on 28 May 2012
If you are of a certain age, Petrenko's pose on the cover looks amusingly like Jack Benny about to say "Well!" Petrenko's Shostakovich cycle, despite a peculiar lapse into ordinariness with Sym. 1 and 5, has become self-recommending, each installment a cause for curiosity and excitement. In some ways this CD is the best yet. For me, the highlight is a Fifteenth that far surpasses the best we have had to date.
Premiered in 1972 under the baton of Maxim Shostakovich, the composer's son, the Fifteenth did not win universal acclaim, as had the humanistic Thirteenth, set to Yevtushenko's scorching poetry denouncing Stalinist anti-semitism, or even the dark, melancholy Fourteenth, set to various poems about death. The enigma of the fifteenth begins with is disparity of material - many self-quotations, a "mad toy shop" opening romping along to Rossini's William Tell Over., a set of almost but not quite quotations from Tristan, a long mournful soliloquy for cello, a madcap, swirling Scherzo (the easiest movement of unriddle), and to end things, a tick-tock on the Chinese block that could be an old man's anxious waiting for death. Critics liked the bits and pieces, but few could make the score cohere in their heads, and neither could conductors. Shostakovich had repaired his rift with Mravinsky somewhat, I suppose, because after sitting out the thirteenth and Fourteenth, Mravinsky and his Leningrad orchestra turned in one of the best versions before Petrenko's.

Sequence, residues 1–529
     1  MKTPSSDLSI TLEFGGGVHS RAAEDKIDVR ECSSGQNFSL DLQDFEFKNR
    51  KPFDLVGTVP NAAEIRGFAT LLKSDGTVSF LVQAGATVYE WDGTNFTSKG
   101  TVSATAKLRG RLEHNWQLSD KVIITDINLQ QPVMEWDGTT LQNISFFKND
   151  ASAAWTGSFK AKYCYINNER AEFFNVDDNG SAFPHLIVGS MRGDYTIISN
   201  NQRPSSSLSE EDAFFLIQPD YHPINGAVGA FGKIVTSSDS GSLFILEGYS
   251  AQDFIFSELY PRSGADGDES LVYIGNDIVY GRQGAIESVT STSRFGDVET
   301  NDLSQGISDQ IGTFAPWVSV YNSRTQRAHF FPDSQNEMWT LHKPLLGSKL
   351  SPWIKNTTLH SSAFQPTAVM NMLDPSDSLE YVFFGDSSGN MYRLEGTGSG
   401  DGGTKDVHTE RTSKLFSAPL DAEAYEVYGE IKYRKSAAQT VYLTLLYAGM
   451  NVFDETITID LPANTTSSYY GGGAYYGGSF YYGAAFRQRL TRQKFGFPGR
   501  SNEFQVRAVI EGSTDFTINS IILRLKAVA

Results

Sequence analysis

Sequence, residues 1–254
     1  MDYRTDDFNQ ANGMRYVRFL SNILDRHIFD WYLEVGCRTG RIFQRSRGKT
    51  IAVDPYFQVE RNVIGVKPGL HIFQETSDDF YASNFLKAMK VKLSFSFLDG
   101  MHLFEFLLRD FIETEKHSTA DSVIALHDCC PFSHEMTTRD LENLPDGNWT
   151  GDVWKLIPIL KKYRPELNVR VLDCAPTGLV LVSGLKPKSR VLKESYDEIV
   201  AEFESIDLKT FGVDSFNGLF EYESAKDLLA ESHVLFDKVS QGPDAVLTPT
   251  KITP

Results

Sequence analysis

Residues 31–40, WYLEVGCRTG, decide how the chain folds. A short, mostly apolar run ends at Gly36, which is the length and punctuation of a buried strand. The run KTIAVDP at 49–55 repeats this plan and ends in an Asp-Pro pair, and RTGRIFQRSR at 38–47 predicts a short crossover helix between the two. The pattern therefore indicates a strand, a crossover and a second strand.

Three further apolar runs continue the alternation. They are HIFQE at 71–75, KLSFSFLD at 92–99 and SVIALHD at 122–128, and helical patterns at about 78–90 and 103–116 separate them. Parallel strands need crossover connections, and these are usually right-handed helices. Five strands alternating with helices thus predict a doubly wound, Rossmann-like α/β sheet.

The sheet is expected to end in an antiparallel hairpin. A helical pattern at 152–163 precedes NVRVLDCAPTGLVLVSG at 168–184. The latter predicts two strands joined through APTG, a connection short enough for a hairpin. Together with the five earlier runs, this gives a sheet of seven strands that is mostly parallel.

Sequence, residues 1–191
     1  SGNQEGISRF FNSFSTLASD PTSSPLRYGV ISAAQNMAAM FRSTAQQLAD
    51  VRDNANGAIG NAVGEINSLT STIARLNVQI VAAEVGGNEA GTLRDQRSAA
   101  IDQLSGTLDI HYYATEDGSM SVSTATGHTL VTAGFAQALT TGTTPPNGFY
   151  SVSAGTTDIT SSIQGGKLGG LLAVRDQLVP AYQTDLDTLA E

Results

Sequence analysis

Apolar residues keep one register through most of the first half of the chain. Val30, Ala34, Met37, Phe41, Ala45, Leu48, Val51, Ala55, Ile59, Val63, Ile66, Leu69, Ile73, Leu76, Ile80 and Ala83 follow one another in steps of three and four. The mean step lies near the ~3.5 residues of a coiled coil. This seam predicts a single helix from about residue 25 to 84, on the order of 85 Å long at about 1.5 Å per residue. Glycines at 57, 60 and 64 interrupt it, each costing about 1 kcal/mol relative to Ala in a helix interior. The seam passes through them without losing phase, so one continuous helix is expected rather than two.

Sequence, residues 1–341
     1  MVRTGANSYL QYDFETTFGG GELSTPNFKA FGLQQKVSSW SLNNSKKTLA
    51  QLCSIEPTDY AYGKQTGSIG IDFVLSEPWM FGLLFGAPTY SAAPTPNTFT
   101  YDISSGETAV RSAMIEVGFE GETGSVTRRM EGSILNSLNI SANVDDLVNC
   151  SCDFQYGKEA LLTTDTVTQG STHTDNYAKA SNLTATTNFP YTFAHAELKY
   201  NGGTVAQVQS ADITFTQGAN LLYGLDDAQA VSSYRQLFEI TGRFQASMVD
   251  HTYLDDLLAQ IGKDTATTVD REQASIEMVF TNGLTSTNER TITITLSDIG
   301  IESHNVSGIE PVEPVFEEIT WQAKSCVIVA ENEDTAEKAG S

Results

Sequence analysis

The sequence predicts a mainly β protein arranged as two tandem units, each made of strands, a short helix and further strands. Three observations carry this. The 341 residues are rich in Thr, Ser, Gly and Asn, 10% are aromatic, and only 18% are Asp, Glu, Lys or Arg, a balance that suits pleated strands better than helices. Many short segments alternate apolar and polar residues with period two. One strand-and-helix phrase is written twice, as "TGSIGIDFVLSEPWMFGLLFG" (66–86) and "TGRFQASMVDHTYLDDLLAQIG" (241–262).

but really, there's no comparison with any rival, Petrenko is so tuned in to the Fifteenth that he makes it sound easy. His intuitive grasp of phrasing enables him to lead a reading where every note means something musically. If you know the symphony, you will find dozens of differences in mood and tone, where Petrenko's touch is sure and just right, exposing the comical dancing-beat humor of the first movement, the tragic pensive inwardness of the second, and the near-manic desperation of the third. I was engrossed and astonished from moment to moment, and by the time the finale arrived, a movement that most conductors are thoroughly baffled by, Petrenko's calm, death-bed reflections on the past became deeply moving.
the previous reviewer was struck by how effective the Second is under Petrenko's baton, and I agree. Propaganda music isns't propaganda when you believe in the cause, and at this point in his career, Shostakovich believed in the Revolution, in optimistic modernism, and his own talents. The three would not mesh in the future; he became a far darker, more alienated composer as Stalinsim spread its shroud over Russia. but the Second is a rousing, sometimes jaunty work, without a banal moment in it. The Soviet cause became toxic, a subject for irony and despair, yet this bit of upbeat nostalgia works on its own terms.
Naxos delivers excellent, clear sound that captures the orchestra very well. It's close up but integrated enough so that the triumphant choruses in the Second emerge with perfect intelligibility. The Liverpool musicians adore their charismatic leader, and so do I. This is an exceptional Shostakovich recording, worthy to stand beside classics from Oistrakh, Rostropovich, Mravinsky, and Mitropoulos.